Uni students head out in masses in response to Trump’s administration

In the few weeks since President Trump took office, Uni students have largely responded with opposition to the new president. Dozens of students have taken part in marches and protests opposing Mr. Trump’s policies and various stances he has taken.

On Friday, over 100 students marched to the Central Illinois Mosque and Islamic Center to show solidarity with the local Muslim community. The march was triggered by the president’s executive order banning people from seven Muslim-majority countries from entering the US.

At the start of Uni Period, a crowd of students gathered in the senior alcove and spilled out into the adjoining halls as they prepared to march. Junior Omeed Miraftab-Salo, who organized the march a mere three days prior, stood on a table facing the crowd. He reminded the audience of their purpose there, to “make a statement that this is not right” and, he added jokingly to “impeach Trump.” The crowd responded with resounding laughter and applause.

Miraftab-Salo led the crowd, accompanied by a reporter and photographer from the News Gazette, in a steady stream through the south exit and headed west on Springfield. While they walked students chattered casually among themselves as if this were an everyday outing. Students of all grades – from subfreshman to senior – were counted among the marchers. Faculty walked alongside their students in participation: Kathy Rodems, Dave Stone, and Ben Leff were spotted in the crowd. Assistant Director Karl Radnitzer brought up the rear.

Upon arriving at the mosque, they were greeted by a mosque community member who was pleasantly surprised, having expected only 20-30 visitors. The group then split up by gender, with the mosque having separate sections for men and women. They entered the mosque and stood in silence outside of the main prayer hall as the congregation prayed. After the prayer finished, a speaker praised the students for their actions and gyros and muffins were handed out to students and faculty.

Two weeks prior, on the first full day of Trump’s presidency, people across the world took to the streets on in reaction to President Trump’s inauguration. Although the main event was in Washington DC, where the inauguration took place, in Champaign, as many as 5,000 people gathered in West Side Park in preparation of the march. Estimates had been in the hundreds, but were blown out of the water by the actual turnout. According to sophomore Nathalie Stein, the surprising number of people forced her to wait half an hour before actually commencing the march.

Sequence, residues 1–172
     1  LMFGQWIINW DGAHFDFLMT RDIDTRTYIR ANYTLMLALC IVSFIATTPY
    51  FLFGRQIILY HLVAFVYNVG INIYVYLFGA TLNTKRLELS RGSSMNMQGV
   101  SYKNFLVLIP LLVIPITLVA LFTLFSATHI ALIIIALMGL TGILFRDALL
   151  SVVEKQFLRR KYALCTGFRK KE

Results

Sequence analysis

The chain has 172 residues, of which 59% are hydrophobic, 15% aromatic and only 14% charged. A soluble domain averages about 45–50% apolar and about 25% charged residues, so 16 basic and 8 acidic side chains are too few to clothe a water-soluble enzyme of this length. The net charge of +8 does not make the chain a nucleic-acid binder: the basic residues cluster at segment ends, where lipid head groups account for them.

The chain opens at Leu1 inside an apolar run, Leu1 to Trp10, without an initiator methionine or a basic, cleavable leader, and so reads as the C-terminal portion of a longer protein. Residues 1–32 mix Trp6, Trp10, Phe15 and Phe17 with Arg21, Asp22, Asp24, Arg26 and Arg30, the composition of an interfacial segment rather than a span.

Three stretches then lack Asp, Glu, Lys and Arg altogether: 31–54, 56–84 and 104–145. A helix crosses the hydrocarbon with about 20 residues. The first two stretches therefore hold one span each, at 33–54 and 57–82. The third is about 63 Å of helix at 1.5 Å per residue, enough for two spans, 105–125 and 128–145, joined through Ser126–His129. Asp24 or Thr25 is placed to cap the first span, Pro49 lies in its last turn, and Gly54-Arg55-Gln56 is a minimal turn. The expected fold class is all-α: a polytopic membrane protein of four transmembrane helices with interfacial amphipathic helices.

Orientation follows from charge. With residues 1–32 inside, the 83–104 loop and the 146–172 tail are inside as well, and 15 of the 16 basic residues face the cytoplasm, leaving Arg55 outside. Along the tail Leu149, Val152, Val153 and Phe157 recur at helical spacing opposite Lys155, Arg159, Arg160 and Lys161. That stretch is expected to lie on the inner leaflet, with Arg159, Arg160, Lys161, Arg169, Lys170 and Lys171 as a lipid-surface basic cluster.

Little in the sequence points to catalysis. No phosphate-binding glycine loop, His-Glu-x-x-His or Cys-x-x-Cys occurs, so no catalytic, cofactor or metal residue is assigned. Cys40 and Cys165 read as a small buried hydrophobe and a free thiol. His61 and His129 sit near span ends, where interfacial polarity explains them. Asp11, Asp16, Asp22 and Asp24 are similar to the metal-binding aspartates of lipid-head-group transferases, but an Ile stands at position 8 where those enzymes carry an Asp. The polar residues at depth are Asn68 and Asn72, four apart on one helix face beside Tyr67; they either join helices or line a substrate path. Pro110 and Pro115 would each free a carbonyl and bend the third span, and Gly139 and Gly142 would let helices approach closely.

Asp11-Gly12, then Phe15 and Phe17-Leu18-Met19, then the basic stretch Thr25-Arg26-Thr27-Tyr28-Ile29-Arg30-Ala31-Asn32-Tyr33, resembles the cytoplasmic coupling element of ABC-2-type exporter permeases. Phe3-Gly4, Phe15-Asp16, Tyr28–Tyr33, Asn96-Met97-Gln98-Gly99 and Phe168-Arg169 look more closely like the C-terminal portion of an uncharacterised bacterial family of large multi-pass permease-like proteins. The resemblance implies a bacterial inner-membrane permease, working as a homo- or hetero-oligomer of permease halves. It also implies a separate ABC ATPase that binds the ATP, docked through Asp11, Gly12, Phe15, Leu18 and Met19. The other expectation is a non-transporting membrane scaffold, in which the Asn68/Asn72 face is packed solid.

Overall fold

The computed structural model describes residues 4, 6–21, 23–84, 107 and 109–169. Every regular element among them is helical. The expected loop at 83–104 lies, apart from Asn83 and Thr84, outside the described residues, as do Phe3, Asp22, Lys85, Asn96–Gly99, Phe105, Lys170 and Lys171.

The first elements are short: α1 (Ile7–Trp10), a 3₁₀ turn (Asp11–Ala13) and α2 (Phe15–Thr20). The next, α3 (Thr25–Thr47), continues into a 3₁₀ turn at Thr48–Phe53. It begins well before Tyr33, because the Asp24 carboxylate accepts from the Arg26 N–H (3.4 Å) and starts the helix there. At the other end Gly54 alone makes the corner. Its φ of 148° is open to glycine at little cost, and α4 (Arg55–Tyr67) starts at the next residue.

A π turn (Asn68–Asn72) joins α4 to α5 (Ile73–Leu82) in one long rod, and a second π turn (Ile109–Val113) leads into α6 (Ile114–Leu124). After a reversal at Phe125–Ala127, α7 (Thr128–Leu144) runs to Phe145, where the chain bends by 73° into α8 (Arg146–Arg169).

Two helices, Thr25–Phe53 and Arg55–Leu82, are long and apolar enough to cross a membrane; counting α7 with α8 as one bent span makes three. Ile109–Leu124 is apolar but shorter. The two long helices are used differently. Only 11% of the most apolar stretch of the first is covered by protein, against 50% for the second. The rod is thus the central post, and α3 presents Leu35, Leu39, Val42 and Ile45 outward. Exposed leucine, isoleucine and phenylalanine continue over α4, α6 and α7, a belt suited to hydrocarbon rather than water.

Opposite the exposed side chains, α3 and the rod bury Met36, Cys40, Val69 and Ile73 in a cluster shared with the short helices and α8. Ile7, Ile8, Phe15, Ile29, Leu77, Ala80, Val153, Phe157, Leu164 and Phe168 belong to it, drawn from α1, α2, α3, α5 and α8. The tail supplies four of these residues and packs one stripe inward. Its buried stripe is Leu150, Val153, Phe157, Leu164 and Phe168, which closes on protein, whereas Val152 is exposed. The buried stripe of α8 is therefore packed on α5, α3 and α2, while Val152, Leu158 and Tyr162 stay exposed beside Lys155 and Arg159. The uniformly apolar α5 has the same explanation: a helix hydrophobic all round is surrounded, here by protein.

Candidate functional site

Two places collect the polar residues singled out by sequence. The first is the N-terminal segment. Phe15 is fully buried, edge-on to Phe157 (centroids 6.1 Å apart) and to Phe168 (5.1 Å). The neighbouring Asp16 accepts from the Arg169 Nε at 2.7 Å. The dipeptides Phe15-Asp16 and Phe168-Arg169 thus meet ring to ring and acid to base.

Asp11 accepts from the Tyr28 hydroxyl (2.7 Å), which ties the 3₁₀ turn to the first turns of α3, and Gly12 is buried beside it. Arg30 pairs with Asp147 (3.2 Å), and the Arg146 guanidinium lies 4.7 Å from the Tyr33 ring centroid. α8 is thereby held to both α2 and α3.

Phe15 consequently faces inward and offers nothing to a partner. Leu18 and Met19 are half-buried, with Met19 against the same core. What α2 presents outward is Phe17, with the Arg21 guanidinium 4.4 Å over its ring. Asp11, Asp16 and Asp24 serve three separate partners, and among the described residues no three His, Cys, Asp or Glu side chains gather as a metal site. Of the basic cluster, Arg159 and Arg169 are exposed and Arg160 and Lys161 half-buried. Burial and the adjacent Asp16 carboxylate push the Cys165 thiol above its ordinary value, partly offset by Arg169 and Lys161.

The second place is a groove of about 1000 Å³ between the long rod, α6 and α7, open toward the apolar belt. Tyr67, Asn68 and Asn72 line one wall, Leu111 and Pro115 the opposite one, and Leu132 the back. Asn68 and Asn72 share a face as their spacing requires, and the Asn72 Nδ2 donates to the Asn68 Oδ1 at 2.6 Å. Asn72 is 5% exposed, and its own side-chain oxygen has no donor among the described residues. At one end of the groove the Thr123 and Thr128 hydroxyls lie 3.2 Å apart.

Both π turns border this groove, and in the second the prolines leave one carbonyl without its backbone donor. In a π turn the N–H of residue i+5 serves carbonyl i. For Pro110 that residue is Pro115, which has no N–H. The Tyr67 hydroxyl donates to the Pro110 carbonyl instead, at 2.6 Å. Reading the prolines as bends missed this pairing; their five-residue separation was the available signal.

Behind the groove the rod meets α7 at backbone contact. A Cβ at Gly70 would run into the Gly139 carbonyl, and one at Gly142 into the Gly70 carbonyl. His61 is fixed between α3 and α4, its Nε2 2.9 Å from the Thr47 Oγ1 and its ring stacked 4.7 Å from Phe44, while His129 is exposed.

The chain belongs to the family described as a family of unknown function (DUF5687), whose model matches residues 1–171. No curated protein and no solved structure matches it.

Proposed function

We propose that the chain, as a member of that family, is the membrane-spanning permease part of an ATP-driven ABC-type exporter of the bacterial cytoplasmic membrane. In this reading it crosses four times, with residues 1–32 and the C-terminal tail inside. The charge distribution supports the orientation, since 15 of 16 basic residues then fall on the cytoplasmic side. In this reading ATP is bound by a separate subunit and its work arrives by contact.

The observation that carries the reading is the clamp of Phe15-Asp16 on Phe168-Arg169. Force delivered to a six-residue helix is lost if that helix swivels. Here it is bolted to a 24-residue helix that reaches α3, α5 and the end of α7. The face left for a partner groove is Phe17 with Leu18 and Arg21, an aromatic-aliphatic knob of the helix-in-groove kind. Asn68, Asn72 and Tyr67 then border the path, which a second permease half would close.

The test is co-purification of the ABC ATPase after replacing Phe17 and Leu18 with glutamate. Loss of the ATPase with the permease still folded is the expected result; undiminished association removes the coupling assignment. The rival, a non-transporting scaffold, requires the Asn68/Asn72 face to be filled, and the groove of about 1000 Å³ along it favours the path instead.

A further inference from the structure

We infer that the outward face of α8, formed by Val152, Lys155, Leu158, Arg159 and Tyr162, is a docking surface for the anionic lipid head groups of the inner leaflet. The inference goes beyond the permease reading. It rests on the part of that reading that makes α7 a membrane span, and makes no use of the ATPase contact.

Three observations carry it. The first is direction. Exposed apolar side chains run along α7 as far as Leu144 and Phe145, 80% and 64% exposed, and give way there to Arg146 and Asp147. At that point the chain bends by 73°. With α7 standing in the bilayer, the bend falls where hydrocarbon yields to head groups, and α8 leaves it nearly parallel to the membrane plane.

At the park, several female community leaders gave speeches on the topics that led them there that day. Sophomores Lili Banihashem and Xanthe Brown said that they were inspired by the speakers and the turnout, despite the extensive standing they had to endure.

Although the march was in response to one man, the banners under which people marched were wide and far-reaching. A large number of people appeared to be marching in response to the various derogatory remarks the president had made towards women. In particular, there were a number of references to the audio tape released in early October in which Trump spoke the famous line, “Grab them by the pussy,” which was seen by many as an utter disgrace. Others seemed to take a more general oppositional stance against Trump, like a poster that read, “The power of the people is stronger than the people in power.”

An issue that attendees noted was that intersectionality – the inclusion people of various races, religions, sexualities, and backgrounds, could have been improved upon. Speaking on what she took away from the march, Stein said that “we [activists] have to work together,” but must also “recognize their privilege.” Stein also noted that most of the marchers were white women. Senior Clara Pokorny, who attended the march in Washington DC, said that she thought intersectionality was dealt with well, but also pointed out that the references to female genitalia could’ve been potentially excluding to transgender women. While posing for the picture featured in this article, sophomore Kate Snyder said “Diversity,” with a chuckle, referencing that all of the people in the picture were white.

The variety of the speakers reflected this diversity – sophomore Nathalie Stein noted that there were representatives from Black Lives Matter and the local Muslim community giving speeches.

Emotions were running high as a result of both marches. Freshman Ahmad Bobat said that he felt good “because there were more people than expected. I heard there would be only 10-15 people.”  Speaking on the crowd, freshman Amina Gurmen said that “they were really respectful and willing to participate in the prayer.” Students also noted how the atmosphere in Uni differed from other schools. Sophomore Ayat Jaber said that while her previous school wasn’t racist, she believes at Uni “there’s more of a maturity about it, there’s more substance to it and standing up for what’s right.”

Participants of the Women’s March were hopeful for the continuation of a movement against Trump. Banihashem said that “as long as Trump keeps doing outrageous stuff,” she doubts the movement will falter. Junior Mallika Luthar was comforted by the march, saying that it “definitely made a statement” and “helped [her]realize [she] was not alone in [her] ideals and [her] beliefs and that there’s an entire community ready to fight for women’s rights.”